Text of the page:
Setting Goals for Better Work-Life Balance
Now that you know where to focus your attention, it’s time to set your goals. Determine why it’s essential to create balance in your life. What is the motivation behind developing this balance? Better health? Better relationships? Less stress? Less chaos?
Once you determine your “why,” picture what you want your life to look like in a few months? How will things be different? What do you need to do to get there?
Write out your goals and the steps you need to take to achieve them. Pick the areas of your life that you’ve neglected and start there.
After you have your goals, find a person who will hold you accountable. Studies show accountability partners increase the likelihood for success in goal achievement. When you publicly commit to a goal, you have a 65% better chance of completing the goal.
Benefits of a Better Work-Life Balance
If you are struggling with why you should improve your work-life balance, here are some benefits:
- Your quality of life will improve because you will be less stressed and learn how to prioritize what is most important to you.
- You will have more energy because you have set up systems and routines which take the guesswork out of what to do each day to reach your goals. You will not be floundering with how to keep it all together.
- You will gain a healthier perspective because you can look at each area of your life and how it fits into the picture of your well-being.
- You will have better health because you know how to take the time for nutritious food and exercise.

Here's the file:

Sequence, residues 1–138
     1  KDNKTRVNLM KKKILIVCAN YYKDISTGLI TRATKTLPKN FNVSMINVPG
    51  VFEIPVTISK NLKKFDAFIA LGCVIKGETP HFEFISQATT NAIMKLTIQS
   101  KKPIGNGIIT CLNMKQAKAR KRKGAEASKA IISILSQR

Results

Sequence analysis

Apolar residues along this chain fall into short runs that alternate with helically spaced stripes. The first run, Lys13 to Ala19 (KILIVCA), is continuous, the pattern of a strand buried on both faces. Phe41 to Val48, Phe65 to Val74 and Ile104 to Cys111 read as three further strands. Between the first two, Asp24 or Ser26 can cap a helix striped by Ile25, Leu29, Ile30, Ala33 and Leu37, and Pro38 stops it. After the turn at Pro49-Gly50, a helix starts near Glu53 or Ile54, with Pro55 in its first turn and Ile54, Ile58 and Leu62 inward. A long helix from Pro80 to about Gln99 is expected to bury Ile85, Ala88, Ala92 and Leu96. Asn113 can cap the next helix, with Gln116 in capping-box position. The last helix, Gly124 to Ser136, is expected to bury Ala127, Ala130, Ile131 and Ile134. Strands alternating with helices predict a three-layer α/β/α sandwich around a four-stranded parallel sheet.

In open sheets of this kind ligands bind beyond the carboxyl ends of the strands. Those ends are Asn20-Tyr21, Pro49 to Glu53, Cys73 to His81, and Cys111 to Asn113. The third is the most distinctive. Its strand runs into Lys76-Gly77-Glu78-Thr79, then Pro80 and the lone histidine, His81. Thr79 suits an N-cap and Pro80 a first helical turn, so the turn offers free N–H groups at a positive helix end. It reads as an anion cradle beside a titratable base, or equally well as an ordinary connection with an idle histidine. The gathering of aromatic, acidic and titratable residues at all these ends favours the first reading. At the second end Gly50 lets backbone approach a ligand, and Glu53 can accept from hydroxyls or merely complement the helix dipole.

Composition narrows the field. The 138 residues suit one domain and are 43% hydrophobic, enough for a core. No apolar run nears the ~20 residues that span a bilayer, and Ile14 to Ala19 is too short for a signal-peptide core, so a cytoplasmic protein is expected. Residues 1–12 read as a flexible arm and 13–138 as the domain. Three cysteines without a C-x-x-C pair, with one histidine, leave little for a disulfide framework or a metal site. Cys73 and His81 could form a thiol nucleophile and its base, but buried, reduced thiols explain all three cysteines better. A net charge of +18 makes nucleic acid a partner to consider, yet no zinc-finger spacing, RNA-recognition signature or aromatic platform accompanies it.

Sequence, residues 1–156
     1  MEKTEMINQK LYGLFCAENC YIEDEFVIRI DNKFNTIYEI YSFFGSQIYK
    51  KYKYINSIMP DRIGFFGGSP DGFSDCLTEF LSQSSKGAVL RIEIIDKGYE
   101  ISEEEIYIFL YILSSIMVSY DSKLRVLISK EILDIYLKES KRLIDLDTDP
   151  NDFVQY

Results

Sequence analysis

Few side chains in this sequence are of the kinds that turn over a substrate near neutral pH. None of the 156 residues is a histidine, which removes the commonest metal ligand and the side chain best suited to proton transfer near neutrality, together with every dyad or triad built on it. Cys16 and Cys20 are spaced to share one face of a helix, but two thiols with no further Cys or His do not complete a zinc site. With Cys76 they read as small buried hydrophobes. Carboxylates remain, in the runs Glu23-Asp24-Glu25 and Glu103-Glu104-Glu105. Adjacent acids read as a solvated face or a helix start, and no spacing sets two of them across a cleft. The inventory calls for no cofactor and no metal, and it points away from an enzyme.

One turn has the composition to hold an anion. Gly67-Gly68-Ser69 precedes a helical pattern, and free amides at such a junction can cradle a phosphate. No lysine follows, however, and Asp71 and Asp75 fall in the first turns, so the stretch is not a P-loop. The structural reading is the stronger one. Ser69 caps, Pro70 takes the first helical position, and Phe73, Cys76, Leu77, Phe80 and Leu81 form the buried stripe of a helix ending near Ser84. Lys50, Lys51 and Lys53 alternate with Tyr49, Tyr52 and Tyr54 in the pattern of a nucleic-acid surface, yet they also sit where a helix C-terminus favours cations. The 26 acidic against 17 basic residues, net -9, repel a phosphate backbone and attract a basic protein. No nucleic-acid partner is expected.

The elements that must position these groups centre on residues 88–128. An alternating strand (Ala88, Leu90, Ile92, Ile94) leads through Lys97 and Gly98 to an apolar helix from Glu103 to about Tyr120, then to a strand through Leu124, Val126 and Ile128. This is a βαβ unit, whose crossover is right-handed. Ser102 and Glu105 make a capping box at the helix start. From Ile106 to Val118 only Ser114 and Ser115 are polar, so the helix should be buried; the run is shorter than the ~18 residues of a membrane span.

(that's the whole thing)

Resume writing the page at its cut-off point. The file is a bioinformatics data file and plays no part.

- You know how to prioritize relationships and which ones are worth cultivating.
Challenges for the actor in creating balance
- Not pre-planning meals. Stopping at a fast-food restaurant is easier than worrying about what’s for dinner.
- Late-night rehearsals make it challenging to get enough sleep.
- Relationships become complicated with friends or family who don’t understand what you do.
- Not having other hobbies or interests when there is no artistic work (during the pandemic). Lack of purpose can lead to depression.
Tips for Developing Work-Life Balance as an Actor
Take time to breathe and learn how to breathe. Actors often learn to breathe for projection but are not necessarily taught how to breathe deeply and center themselves. Life can seem overwhelming, and the stress can seem too much. Practicing breathing helps you “tone” your vagus nerve, which reduces stress. Another advantage of breathing deeply is that it allows you to fall asleep faster.
Plan your meals. If you know that you have a project coming up, plan to make healthy choices. It’s important to have natural energy when you are in production and to keep your immune system functioning at its best. Start doubling up on healthy recipes now and freeze the extra portions. Then all you have to do is remember to defrost and heat it.